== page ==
Tuesday, June 19, 2007

Supreme Court Grants Investment Banks Immunity From Antitrust Lawsuits

By a 7-1 vote in Credit Suisse Securities v. Billing, the Court gave the banks broad implied immunity from antitrust lawsuits, ruling that antitrust laws do not apply to the syndication and marketing techniques used in initial public offerings. The Court justified its conclusion in part on the grounds that the Securities and Exchange Commission is better qualified than judges and juries in antitrust cases to determine the legality of conduct in the complex field of initial offerings.

The class action was brought by investors who claimed that more than a dozen investment banks and underwriters manipulated the market for IPOs in the dot-com boom period from 1997 to 2000. The claim was that the underwriters banded together to impose requirements on IPO buyers such as "tying" -- in which buyers must buy less desirable offerings along with more popular ones -- and requiring higher commissions to be paid on later offerings. The plaintiffs claimed that these sales techniques artificially increased stock prices and violated antitrust laws.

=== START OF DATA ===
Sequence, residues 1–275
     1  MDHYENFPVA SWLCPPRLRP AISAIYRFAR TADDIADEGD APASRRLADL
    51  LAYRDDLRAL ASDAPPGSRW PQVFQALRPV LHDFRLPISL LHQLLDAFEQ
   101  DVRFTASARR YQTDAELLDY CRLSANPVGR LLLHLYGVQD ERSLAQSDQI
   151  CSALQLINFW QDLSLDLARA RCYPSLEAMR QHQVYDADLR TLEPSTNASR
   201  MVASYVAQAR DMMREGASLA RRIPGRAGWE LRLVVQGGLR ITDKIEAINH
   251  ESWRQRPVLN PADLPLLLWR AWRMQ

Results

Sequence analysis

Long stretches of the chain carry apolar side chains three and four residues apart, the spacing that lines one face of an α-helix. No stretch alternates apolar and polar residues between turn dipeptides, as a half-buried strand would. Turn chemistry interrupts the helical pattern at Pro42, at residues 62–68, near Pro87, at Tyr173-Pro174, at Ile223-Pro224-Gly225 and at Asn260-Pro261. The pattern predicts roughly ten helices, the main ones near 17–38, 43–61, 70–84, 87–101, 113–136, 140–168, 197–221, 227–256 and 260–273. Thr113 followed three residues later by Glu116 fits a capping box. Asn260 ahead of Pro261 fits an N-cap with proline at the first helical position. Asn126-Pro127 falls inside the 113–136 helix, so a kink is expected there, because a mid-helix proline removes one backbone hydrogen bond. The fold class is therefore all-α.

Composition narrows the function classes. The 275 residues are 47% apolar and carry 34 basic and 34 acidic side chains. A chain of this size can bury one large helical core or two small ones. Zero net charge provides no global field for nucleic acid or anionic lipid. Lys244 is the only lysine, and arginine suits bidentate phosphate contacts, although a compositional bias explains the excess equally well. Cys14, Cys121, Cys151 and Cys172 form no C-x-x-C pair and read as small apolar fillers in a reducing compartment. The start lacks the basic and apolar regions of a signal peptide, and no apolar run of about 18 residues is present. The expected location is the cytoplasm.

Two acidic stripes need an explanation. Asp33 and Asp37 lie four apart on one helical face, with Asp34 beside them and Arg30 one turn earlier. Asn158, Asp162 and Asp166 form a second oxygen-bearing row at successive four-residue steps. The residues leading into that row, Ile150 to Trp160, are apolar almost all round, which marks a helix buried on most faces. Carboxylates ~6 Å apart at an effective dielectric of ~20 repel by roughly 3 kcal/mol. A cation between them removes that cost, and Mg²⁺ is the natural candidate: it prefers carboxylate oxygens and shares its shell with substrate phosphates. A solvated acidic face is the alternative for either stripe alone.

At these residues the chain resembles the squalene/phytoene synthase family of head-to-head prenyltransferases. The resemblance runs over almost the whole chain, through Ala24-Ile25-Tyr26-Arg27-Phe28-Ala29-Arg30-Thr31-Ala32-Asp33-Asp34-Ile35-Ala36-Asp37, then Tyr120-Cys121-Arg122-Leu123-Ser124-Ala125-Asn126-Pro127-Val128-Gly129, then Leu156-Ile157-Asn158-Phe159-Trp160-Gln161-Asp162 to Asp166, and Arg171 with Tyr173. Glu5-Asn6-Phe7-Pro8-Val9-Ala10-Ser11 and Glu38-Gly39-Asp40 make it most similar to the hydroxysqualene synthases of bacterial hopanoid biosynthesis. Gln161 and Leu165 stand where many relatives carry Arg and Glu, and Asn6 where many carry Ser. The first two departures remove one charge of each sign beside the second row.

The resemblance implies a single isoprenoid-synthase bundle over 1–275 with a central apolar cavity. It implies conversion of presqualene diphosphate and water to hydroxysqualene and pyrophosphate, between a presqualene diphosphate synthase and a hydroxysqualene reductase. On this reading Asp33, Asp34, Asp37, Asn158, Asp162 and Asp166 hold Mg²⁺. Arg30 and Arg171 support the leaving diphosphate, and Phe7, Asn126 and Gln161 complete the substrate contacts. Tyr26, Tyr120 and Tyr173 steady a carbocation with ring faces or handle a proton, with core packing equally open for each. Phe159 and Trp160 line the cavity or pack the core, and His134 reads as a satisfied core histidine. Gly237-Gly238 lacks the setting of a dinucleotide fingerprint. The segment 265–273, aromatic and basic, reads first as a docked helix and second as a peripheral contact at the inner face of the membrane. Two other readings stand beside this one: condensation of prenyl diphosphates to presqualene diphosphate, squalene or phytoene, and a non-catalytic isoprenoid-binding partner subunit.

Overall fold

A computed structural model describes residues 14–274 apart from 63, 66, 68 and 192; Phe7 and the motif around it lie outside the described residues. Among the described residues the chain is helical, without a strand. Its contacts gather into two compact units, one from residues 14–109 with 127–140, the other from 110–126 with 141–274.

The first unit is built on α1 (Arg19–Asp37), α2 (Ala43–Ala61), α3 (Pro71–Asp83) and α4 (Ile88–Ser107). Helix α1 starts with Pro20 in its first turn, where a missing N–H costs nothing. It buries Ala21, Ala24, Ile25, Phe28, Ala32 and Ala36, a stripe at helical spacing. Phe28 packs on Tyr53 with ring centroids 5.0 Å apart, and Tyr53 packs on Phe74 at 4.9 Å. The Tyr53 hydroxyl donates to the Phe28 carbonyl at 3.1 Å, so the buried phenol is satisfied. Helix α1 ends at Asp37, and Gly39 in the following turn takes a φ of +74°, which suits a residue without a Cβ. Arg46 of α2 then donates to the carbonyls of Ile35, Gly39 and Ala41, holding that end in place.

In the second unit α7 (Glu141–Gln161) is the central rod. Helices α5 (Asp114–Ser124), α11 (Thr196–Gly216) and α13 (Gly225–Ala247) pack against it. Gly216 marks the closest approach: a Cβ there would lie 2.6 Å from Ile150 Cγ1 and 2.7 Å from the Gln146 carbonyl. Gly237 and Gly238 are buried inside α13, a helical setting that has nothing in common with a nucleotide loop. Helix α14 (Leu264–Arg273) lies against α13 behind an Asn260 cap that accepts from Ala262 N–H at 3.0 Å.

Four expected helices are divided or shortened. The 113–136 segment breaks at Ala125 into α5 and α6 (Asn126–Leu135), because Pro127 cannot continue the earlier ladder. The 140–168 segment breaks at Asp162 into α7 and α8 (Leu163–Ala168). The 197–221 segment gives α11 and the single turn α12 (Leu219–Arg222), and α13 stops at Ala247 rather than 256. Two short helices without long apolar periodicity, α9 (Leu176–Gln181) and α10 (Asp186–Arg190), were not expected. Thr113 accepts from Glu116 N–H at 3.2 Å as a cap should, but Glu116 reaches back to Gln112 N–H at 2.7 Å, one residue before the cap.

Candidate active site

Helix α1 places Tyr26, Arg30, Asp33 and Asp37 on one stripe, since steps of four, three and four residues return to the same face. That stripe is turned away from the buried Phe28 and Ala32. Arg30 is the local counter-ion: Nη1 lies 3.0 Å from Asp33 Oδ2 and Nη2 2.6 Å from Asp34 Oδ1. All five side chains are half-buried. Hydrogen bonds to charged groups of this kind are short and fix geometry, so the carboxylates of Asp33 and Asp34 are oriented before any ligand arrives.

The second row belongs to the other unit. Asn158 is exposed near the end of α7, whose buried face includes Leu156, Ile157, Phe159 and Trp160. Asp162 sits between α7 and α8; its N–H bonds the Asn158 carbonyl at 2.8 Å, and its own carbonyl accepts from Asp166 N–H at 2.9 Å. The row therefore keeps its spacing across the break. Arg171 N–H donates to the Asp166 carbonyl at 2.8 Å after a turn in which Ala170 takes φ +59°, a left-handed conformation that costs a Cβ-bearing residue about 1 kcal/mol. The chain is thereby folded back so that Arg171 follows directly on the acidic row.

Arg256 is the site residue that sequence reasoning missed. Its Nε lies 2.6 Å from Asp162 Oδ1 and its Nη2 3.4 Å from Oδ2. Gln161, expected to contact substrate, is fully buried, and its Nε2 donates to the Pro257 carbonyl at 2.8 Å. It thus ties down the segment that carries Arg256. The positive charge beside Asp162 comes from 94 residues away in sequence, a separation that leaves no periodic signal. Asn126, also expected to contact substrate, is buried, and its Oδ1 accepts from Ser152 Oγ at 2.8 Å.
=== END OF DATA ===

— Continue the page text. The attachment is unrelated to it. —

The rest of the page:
Aside from the legal theory interest in the case, it was a significant win for the investment banks, since antitrust law provides for treble damages, which are not available under the securities laws.

The firms involved in the case included Credit Suisse; Bear, Stearns; Citigroup; Comerica Inc.; Deutsche Bank Securities Inc.; Fidelity Distributors Corp.; Fidelity Brokerage Services LLC; Fidelity Investments Institutional Services Co. Inc.; Goldman, Sachs & Co.; The Goldman Sachs Group Inc.; Janus Capital Management LLC; Lehman Brothers Inc.; Merrill Lynch, Pierce, Fenner & Smith Inc.; Morgan Stanley & Co. Inc.; Robertson Stephens Inc.; Van Wagoner Capital Management Inc.; and Van Wagoner Funds Inc. Over 900 issues were alleged to have been manipulated.
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